The Significance Of Color (01-06)
Examples Of Color Significance (07)
American Suffragists (29-33)
Xena As Role Model (34-36)
The Significance Of Color Even when viewed through the sometimes out-of-focus lens of history, it is apparent that the human race has always been acutely aware of symbolism, particularly the symbolism of words, music, movements, flowers, metals, candles, blood, water, wine, animals, designs, objects, and especially colors. The timid, the dainty, the pastels are seen only rarely in historical symbolism. How singularly appropriate that the logo chosen to symbolize the 1990's television heroine, Xena: Warrior Princess, incorporates the pure bold royal colors of purple, white, and gold. Xena, the intrepid, the courageous, the brave, the defender, the fearless, and the bold; no dainty colors for her!
 Color historian Jeanne Heifetz notes that scientists estimate the human eye can distinguish some 7,295,000 shades of color, seven times more hues than the nearly 1,000,000 words in our English language. Only our own imaginative choice can tell us which royal color pertains to a particular described object.
The Purple, White, and Gold Xena Trademark.
 In a symbolic sense, the fantasy character of Xena was "born to the purple", and the white and the gold. She was not of royal blood since her parents ran a tavern at Amphipolis. According to Steven L. Sears, Supervising Producer and one of the writers for the show, the appellation of "Warrior Princess" was given to her by her army. It was their recognition that she was an incredibly talented leader and fighter.
 In turn, Ares, the God of War, was not offended by her informal promotion. The title did not put her on his level, since there is no documentation in the story that she is descended from either gods or royalty. THE FURIES (47/301), however, beclouds the issue by leaving Xena's parentage in question: Was Xena's father the immortal Ares or was her father a mere mortal man? Perhaps this will be clarified in the future or perhaps we'll never know.
 A subsequent episode touches on the subject of the Warrior Princess title. In THE DEBT II (53/307), Lao Ma of the Lao Dynasty shows her growing respect and admiration for Xena when she tells her, "You're going to help me run the Kingdom of Lao. You'll be my Warrior Princess"!
 Since Lao Ma died before she could become ruler, Xena never did become her Warrior Princess. We must then accept the fact that Sears' explanation, the only one we have to date, still stands: Xena was given the title of "Warrior Princess" by her army.
Examples Of Color Significance Let us sift through the dust of history and examine three eras that hold significance for the colors of purple, white, and gold:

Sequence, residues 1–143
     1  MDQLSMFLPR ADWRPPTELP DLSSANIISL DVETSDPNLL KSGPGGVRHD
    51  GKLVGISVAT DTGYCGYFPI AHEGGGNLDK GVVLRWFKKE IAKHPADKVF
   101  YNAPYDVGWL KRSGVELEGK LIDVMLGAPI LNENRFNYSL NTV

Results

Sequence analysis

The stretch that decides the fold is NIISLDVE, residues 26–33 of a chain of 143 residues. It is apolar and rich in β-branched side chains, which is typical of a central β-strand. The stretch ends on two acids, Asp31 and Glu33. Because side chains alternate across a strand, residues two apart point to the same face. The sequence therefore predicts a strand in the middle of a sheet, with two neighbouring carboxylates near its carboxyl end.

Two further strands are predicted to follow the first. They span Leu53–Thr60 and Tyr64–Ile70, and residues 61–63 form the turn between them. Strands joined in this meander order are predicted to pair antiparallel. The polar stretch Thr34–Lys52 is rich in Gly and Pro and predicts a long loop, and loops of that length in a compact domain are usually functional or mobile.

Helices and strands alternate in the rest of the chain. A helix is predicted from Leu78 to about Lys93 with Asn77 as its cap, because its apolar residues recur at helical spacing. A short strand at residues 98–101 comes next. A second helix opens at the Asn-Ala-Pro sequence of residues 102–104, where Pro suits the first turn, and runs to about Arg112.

- Lydia in early Biblical times;
- Constantine Porphyrogenitus or Constantine VII (904-959 CE) during the Byzantine period; and
- The Suffrage Movement (1848 to 1920 and continued by feminists who followed) in the United States.
Lydia Lydia holds an important place, not only in Biblical history, but also in women's history. In the New Testament we find her as an entrepreneur, a woman who sold the highly-prized purple dye and fabrics which were so incredibly expensive that only royalty and the very rich could afford them.
 A resident of Thyratira in Asia Minor, Lydia was accustomed to displaying her choice woven fabrics, dyed with Tyrian purple, outside the gate of Philippi. On one auspicious Sabbath she heard the preacher Paul, who had recently returned from Asia. She had a prosperous home, and, with her invitation, Paul and his party became her guests. Subsequently, because of his message, Lydia became Europe's first convert to Christ (Acts 16:13-15). Although white has a prominent historical presence in Christ's life, purple must also be accorded its place in history.
Constantine Let us move a thousand years hence, to the year 904 CE, and to the birth of Constantine VII, also known as Constantine Porphyrogenitus. Even a slight perusal of Arnold Toynbee's review of the Byzantium Greek culture leaves the reader reeling and totally convinced that current lascivious royals could not hold a candle to that early world of machination and dark deeds, which included poisoning and castration as ways to alter the lines of royal ascension and power.
 Although hard for us to comprehend today, succession to the royal throne at that time was influenced more by the location of the birthing place than by parentage. Toynbee observes that "Constantine VII was not a porphyrogenitus (i.e. born in the purple) for nothing. His birth in the purple chamber of the Imperial Palace was his title to legitimacy; and this title evidently counted for much with the Imperial Court and the Constantinopolitan public..."